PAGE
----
The Ticker: Foresight Rallies on Sale of Prototype Anti-collision Tech to European Auto Maker

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El Al's first Boeing 787 Dreamliner aircraft
The first of Israel's El Al Airlines' order of 16 Boeing 787 Dreamliner jets lands at Ben Gurion International Airport, near Tel Aviv, August 23, 2017. Credit: Amir Cohen/Reuters

Foresight rallies on sale of prototype anti-collision tech to European auto maker

Shares of Israel’s Foresight soared on Tuesday after the maker of automotive anti-collision technology said it made its first-ever sale of a prototype of its QuadSightTM system. The sale to the truck division of a large European vehicle manufacturer, which will use it to evaluate the system, will generate revenue of just tens of thousands of dollars, the Foresight said. But the sale of this and other prototypes is expected to provide the Israeli firm with “important customer feedback and a deeper understanding of the customers’ main requirements, enabling the company to modify the system to the customers’ needs quickly.” In addition, Foresight believes that sales of QuadSightTM prototypes will strengthen its relations with potential customers. Customer satisfaction at the end of the evaluation process is expected to lead to a large order of QuadSightTM systems by the vehicle manufacturer for mass production. Foresight shares finished up 17.1% at 2.40 shekels (67 cents). (Guy Erez)

Pilot shortage forcing El Al to pull flights

A pilot shortage has begun to effect flights at El Al Airlines and the problem may intensify as the peak summer season begins, aviation industry sources said on Tuesday after the carrier cancelled its fourth flight without prior notification in the space of a week. Management attributed the cancellations to unspecified operational problems. Industry sources said El Al was strapped for pilots because so many were involved in training for the new Boeing 767 Dreamliners being added to its fleet. Meanwhile, the two sides have been in deadlocked negotiations over how to implement the Flight Time Limitations rules going into effect in another five months, which will limit the number of hours a pilot can fly, curbing overtime pay. In many cases, El Al has avoided cancellations by leasing Israir jets and crews at an extra cost of tens of thousands of dollars per flight. El Al shares ended down 2% at 87 agorot (25 cents). 
(Gabriela Davidovich-Weisberg

Internet Gold raises NIS 100 million in private placement

Internet Gold said it expected to take in 100 million shekels ($28 million) it needs to help repay debt after it sold 8.8 million shares on Tuesday via a private placement at 11.25 shekels a share. The company also issued warrants to buy 4.4 million shares at 11 shekels each. Eurocom Communications, Internet Gold’s indebted controlling shareholder now controlled by its creditor banks, participated in the placement to prevent its 55% stake from being diluted and bought 4.8 million shares and 2.4 million warrants. The placement follows a report by the company on Sunday that it was considering offers to sell part or all of its shares in B Communications, through which it controls Israel’s largest telecoms group, Bezeq .“We will continue to assess all available alternatives to increase value for our shareholders and act in the interest of our debenture holders,” Chairman Ami Barlev said. Internet Gold shares climbed 12.3% to 12.29 shekels. (Michael Rochvarger)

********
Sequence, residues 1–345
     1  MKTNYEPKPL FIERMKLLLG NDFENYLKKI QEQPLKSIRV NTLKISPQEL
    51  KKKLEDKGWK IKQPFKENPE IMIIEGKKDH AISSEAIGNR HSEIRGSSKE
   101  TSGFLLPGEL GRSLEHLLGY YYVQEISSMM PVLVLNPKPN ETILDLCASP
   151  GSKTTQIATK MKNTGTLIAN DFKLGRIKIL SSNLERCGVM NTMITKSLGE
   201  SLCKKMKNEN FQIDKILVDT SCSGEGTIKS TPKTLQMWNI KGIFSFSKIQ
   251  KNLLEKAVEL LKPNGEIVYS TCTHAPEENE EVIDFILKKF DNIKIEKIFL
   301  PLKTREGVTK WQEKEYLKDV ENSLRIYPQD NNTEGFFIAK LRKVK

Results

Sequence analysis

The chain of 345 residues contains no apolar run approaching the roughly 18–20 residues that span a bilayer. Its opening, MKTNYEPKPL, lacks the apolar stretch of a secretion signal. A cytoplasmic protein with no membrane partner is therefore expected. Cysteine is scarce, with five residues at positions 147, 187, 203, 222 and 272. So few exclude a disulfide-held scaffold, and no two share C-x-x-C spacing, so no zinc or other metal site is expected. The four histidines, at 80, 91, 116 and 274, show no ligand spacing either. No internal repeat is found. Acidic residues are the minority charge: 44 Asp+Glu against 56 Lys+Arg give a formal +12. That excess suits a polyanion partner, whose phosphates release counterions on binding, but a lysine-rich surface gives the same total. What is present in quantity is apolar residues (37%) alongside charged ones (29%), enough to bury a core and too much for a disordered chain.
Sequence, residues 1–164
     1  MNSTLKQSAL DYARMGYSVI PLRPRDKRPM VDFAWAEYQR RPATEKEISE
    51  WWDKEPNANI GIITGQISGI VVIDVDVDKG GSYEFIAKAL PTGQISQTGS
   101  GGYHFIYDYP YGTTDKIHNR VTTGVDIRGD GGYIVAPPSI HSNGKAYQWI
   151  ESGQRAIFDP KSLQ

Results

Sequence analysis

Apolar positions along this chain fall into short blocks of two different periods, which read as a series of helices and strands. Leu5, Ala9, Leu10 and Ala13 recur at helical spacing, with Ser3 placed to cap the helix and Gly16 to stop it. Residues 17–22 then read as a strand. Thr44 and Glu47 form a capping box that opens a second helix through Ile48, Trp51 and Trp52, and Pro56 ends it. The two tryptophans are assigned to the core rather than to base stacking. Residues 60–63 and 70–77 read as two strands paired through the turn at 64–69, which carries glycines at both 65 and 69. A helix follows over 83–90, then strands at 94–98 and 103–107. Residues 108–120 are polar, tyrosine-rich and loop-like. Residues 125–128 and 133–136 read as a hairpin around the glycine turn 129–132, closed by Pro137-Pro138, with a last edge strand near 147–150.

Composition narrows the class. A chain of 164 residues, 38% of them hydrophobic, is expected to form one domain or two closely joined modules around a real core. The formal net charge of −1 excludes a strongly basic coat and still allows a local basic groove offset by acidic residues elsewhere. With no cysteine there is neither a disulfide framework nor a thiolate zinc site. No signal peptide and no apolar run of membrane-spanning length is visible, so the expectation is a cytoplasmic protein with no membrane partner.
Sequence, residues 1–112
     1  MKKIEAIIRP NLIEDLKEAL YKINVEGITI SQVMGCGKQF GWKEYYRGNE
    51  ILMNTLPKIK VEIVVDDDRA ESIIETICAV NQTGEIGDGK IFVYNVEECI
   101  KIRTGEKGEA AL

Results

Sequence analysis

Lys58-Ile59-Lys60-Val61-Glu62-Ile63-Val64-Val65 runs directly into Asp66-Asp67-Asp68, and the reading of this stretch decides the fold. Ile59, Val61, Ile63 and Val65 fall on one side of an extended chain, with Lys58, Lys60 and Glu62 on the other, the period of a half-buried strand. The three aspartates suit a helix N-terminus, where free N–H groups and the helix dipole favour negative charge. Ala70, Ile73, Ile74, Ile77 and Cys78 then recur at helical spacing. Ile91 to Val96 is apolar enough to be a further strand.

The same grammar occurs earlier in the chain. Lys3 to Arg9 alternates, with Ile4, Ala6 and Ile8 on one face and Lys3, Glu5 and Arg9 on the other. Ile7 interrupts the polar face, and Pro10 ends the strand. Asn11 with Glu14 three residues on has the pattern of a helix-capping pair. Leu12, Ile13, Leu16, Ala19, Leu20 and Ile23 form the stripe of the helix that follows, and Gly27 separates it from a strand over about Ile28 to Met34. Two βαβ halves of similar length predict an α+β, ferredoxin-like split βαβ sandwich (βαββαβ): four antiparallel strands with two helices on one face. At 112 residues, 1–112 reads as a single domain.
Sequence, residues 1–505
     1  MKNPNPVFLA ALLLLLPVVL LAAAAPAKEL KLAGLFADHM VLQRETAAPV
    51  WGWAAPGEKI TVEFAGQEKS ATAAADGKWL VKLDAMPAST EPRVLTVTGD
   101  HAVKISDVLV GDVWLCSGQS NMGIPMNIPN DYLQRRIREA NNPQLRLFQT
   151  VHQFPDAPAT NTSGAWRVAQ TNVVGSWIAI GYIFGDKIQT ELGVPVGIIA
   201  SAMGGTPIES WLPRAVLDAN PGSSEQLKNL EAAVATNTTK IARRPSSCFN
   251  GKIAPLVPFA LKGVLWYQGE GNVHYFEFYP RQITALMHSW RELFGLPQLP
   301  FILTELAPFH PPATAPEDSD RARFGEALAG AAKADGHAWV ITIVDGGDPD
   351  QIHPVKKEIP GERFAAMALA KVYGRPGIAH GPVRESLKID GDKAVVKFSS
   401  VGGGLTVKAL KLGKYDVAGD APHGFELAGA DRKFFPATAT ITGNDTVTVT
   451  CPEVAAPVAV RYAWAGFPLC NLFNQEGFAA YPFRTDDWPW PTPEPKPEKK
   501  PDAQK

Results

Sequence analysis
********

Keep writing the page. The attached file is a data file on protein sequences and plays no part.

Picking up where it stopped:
After resisting the idea, Bezeq launches a package of internet, telephony and TV

Faced with growing competitive pressure, Bezeq on Tuesday introduced its first-ever “triple play” package of internet infrastructure, landline telephony and online television. Bezeq has long refused to offer packages like its rivals partly because of regulatory barriers but also because it was loathe to offers its services at a lower rate than it could get by selling them separately.  But growing competition, especially from online TV offerings by Cellcom Israel and Partner Communications, caused Bezeq to shift strategy. The package, which is being provided by the company’s various operating units rather than by the parent, is being offered at an introductory price of 99 shekels ($27.60) a month but will eventually rise to 199 shekels.  That makes the Bezeq package relatively expensive compared to other triple-play offerings, but differing terms between rivals makes it hard to make a direct comparison. Bezeq shares finished down 2.8% at 4.14 shekels. (Nati Tucker and Hadar Kane)

Banking, tech finish lower as Tel Aviv shares shed early gains

Tel Aviv shares surrendered their early gains on Tuesday as banking and telecom shares weighed on the market. The benchmark TA-35 index edged down 0.04% to 1,538.61 points, while the TA-125 lost 0.08% to 1,391.36, on turnover of 1.14 billion shekels ($320 million). Bank stocks were paced by declines of 1.6% to 67.92 shekels for Mizrahi Tefahot and 1.4% to 21.94 for Bank Leumi. Among telcos, B Communications shed 2.1% to 39.37, Cellcom Israel lost 2.5% to 23.32 and Partner Communications dropped 3.5% to 13.37. Pluristem fell 0.9% to 4.97 even though it said a mid-stage study of its PLX-PAD treatment to treat leg pain showed positive results. Nano Dimension, which soared Monday after being designated a U.S. government supplier, fell 8.9% to 1.80. Volume leader Nice gained 1.1% to 384.40 and Israel Chemicals added 2.8% to 17.20, lifting the shares of its parent, The Israel Corporation, an even sharper 3.9% to close at 787.60. (Eran Azran)

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